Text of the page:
In this article, the aims of this study are to determine the mechanical properties of concrete with various aggregates for local roads; and prove the difference between pervious concrete that used natural coarse aggregate and crushed stone.

2. Methods, Material, and Equipment

Material

Portland cement composite (PCC), as per Indonesian National Standard/SNI [29] was used for this investigation. The results of the cement properties are: specific gravity is 3.053 and a unit weight is 1420 kg / m 3 ; consistency is 29.5%; the initial setting time is 73 minutes and final setting is 455 minutes. A coarse aggregate used in pervious concrete should be clean, hard and from durable [9, 30 – 32].

Test result of clay lumps & friable particles under ASTM C142/C142M – 17 is 3.77% and organic impurities test with SNI 2816:2014 (ASTM C40/C40M-11) is meets in organic plate No. 3. Two types of locally available coarse aggregate were included in the study, crushed stone (limestone) and rounded river gravel or natural aggregate or pea gravel [24]. Their physical properties are given in Table 1. Seive analysis procedure under ASTM C136:2012 for sand and coarse aggregates to gradation analysis. There are three different grades for coarse aggregate; passing through the 19 mm sieve and retained on the 12.5 mm sieve, passing through 12.5 mm sieve and retained on the 9.5 mm sieve, and passing through the 9.5 mm sieve and retained on the 4.75 mm sieve. The proportion of mixed aggregates was 6% fine aggregate (sand) and 94% coarse aggregate in this experimental research. The result of the aggregates when combined has been shown in Figure 1 for the natural aggregate and crushed stone. The upper and lower gradation limit for the combined aggregate gradations has been referred to by some scholars [20,24] for pervious concrete. The upper gradation limit of the mixture was too rocky for manual placement techniques and the surface was too open to be classed as having a smooth texture. The lower gradation limit represents an area below which low to zero permeability becomes probable.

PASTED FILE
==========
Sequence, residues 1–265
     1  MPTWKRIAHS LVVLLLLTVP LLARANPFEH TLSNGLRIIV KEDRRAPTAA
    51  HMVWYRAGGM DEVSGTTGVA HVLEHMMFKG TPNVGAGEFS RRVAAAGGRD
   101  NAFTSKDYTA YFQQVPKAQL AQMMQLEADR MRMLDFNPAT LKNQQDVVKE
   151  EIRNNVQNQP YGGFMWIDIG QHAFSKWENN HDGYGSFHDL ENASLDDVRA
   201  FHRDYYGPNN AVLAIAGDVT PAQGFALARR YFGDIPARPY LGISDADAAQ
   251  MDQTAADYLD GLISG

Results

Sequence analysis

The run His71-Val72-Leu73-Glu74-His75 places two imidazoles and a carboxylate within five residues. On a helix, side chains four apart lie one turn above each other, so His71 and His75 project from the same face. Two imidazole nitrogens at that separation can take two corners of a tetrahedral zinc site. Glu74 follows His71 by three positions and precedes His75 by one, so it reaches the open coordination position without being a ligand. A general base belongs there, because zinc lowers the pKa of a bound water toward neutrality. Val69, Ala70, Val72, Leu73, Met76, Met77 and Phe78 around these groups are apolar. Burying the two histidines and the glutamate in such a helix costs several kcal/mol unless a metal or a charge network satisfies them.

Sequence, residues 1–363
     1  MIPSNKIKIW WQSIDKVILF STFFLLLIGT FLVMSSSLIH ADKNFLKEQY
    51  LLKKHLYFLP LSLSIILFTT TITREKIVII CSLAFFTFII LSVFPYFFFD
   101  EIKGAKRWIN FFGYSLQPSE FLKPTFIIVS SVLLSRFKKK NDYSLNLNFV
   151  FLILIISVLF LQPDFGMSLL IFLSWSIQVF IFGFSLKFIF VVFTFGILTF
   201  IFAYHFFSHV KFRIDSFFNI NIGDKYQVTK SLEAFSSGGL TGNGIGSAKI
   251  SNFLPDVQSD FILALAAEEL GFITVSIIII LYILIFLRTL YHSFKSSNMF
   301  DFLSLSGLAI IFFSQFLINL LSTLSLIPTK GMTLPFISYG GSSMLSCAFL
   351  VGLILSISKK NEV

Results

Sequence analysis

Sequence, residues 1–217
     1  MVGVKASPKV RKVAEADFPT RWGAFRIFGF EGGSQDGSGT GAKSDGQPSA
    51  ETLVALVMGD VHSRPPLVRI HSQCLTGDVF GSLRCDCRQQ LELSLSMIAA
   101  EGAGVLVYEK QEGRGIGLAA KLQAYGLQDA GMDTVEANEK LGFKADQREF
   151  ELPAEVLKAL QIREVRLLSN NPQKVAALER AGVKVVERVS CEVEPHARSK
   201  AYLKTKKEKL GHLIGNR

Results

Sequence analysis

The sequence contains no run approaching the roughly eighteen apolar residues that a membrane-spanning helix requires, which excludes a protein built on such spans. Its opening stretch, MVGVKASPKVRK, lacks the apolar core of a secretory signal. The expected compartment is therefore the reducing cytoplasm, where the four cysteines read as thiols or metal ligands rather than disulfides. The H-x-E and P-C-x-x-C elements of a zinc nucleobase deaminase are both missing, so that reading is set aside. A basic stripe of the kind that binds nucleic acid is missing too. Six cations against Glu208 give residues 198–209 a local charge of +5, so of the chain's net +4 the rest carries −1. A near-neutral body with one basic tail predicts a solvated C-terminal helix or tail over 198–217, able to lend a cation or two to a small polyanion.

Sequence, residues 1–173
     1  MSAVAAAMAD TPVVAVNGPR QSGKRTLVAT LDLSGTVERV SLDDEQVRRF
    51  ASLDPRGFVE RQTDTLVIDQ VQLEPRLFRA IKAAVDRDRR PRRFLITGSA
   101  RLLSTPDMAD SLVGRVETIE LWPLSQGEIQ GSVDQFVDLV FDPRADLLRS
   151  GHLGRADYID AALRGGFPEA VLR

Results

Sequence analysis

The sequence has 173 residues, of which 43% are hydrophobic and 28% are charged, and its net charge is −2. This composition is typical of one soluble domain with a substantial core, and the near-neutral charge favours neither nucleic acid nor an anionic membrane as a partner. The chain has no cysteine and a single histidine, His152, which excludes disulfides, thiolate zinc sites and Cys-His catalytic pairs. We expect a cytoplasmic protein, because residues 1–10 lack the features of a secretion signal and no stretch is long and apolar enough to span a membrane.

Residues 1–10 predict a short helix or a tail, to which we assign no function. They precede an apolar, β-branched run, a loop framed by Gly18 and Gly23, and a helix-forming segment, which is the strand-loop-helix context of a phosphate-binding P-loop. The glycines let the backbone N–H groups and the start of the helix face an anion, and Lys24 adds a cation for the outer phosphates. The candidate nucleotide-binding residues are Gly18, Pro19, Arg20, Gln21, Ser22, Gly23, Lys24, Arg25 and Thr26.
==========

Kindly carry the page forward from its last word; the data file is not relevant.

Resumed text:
Table 1

Properties of fine and coarse aggregate.


Fine Coarse aggregate
Description Standard Test Aggregate Natural aggregate Crushed stone
A B C A B C
Specific gravity SNI 1969 and 1970:2016 (ASTM C127 and C128-15) 2.822 2.518 2.535 2.573 2.461 2.503 2.576
Absorption (%) 4.589 1.158 1.032 0.956 1.020 0.960 0.770
Bulk density (kg/m 3 ) SNI 03-4804-1998 (ASTM C29/29M-17a)    - 1580 1597 1608 1610 1595 1627
Note: A is passed at 19 mm and retained 12.5 mm; B is passed at 12.5 mm and retained 9.5 mm; and C is passed at 9.5 mm and retained 4.75 mm

The chemical admixtures using SikaⓇ ViscoCreteⓇ1003–superplasticiser technology in this research made up 0.2% of the cement and were dissolved in part of the mixing water. The dosage of the admixtures was according to EN 206-1, where admixture quantities for low dosages < 0.2% of the cement are only allowed if they are dissolved in part of the mixing water [26]. Mineral admixture using 15% fly-ash by cement mass added to mixture [28,33]. Result of fly-ash for scanning electron microscopy (SEM) with total SiO2+Al2O3+Fe2O3 = 50.57% included in class C with minimum requirement of 70%. An average specific gravity test for fly-ash is 2.30. Potable water available in laboratory with the normal pH, conforming to SNI (Indonesia National Standard) requirements, was used for mixing concrete and curing the specimens [34].

Figure 1

Aggregates combined with crushed stone and natural aggregate of various sizes.